It’s been a year since I first began posting on the 10th of every month at Storytellers Unplugged. I’m usually not too good with remembering dates, but this one was easy, because my first post for SU fell on Mother’s Day, May 10, 2009. Being a mom, that’s a hard day to forget, especially with three boys who, thanks to my husband, have well-honed gift-giving skills.
This year, Mother’s Day was May 9th, which meant that I didn’t have to post anything, and that I did have time to reflect on what I was going to write about for my May 10th post. I started thinking about how I’ve changed this past year, as well as what’s changed in my life. How have I grown, personally and professionally? It dawned on me that I was asking the same questions of myself that I would of a main character. And I’m not sure I really liked the answers.
Writing 101 tells us that the protagonist in a good story – a satisfying story – is one who grows over the course of the story. No growth – or very little – makes for a flat, pointless journey no reader wants to waste time on (but probably has, on occasion). True, I did have a new book come out last year, and it’s doing well enough that the publisher is releasing a paperback version this summer. But I don’t have another book coming out anytime soon, I haven’t submitted anything in ages, and I haven’t managed to finish any of my manuscripts. About the only writing I’ve done this past year is the occasional blog post, a query to an agent, and updates to my website. At the rate I’m going, I’m not exactly on the fast track to professional growth.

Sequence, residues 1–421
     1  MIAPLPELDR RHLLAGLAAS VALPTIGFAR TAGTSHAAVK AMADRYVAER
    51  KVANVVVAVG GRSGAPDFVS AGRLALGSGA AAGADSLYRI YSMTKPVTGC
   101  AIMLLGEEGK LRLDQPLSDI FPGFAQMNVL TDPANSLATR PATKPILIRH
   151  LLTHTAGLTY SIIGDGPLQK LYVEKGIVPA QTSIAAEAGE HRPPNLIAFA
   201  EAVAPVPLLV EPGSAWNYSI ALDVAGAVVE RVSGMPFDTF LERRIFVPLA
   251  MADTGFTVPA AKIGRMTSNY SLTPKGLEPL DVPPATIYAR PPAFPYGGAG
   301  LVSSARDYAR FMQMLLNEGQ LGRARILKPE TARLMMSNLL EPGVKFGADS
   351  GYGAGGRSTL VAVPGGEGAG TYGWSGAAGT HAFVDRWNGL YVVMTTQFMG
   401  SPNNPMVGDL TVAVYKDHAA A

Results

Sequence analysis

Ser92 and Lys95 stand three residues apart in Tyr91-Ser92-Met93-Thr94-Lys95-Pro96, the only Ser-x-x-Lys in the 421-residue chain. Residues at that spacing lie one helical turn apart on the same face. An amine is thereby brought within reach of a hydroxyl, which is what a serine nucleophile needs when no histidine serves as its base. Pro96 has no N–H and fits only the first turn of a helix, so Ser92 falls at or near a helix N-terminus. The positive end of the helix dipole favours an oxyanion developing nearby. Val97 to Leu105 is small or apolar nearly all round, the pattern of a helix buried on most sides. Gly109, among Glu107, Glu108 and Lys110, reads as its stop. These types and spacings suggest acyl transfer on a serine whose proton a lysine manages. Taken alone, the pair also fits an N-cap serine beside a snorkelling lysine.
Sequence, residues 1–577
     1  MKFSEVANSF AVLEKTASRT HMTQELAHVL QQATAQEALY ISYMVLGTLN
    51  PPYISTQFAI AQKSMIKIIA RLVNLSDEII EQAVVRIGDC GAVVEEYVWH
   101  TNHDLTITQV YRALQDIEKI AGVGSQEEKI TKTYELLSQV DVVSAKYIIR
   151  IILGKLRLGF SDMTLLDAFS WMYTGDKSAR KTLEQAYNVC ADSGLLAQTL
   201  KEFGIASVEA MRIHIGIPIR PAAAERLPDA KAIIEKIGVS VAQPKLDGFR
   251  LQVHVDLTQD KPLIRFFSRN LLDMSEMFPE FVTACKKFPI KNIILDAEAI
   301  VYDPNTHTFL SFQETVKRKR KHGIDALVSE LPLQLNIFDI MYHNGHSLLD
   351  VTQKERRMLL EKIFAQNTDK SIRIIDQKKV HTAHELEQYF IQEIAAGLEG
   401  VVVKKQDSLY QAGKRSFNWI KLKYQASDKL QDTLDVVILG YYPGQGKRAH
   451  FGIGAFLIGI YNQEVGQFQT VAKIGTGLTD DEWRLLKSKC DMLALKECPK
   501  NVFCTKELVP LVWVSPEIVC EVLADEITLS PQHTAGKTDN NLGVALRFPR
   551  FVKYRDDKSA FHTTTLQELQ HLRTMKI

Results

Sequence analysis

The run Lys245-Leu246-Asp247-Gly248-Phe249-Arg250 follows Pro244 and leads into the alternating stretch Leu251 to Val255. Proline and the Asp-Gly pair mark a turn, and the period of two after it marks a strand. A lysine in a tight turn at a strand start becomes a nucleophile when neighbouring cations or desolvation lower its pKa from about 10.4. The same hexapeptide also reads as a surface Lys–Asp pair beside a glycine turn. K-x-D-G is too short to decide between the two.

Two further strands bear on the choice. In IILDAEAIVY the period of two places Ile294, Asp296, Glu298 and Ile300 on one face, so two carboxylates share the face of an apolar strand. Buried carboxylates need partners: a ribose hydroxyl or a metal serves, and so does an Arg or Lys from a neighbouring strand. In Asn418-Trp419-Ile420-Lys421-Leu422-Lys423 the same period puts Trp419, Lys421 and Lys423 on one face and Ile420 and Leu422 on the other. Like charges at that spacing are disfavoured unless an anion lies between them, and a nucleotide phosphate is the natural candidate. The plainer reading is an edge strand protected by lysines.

We all know that change is hard, which is probably why it’s often easier to read about a character wrestling with his emotional monsters than it is to face our own dragons. That’s why I decided to use a simple plot-summary formula to take a closer look at the changes – or lack of – in my writing life this past year. You’ve probably seen it, or something like it: “This is a story about (character’s name), who, more than anything in the world, wants (what character wants), but can’t, because (obstacles that are in the character’s way).”
So here’s my personalized version: “This is a story about Jeanie, who, more than anything in the world, wants to write full-time from her Michigan beach house, but can’t, because a), Jeanie presently lives in land-locked Missouri, b) Jeanie has two kids in college this fall, and c) Jeanie doesn’t put in enough “butt in chair” time.” Putting it down on paper made me realize that the lack of “butt in chair” time is the problem, but it’s also a solution. And it’s one I know works, because I just had some serious bonding time with my laptop at a writers’ retreat and ended up with enough of a rough draft for the sequel to my last book to show my editor. She wants to see the rest of it as soon as possible.
I want to make sure my editor gets that manuscript sooner rather than later. I am officially adopting “Michigan beach house” as my new writing mantra, and hope that by next May 10th, I’ll have grown leaps and bounds in my writing career. Thanks for reading!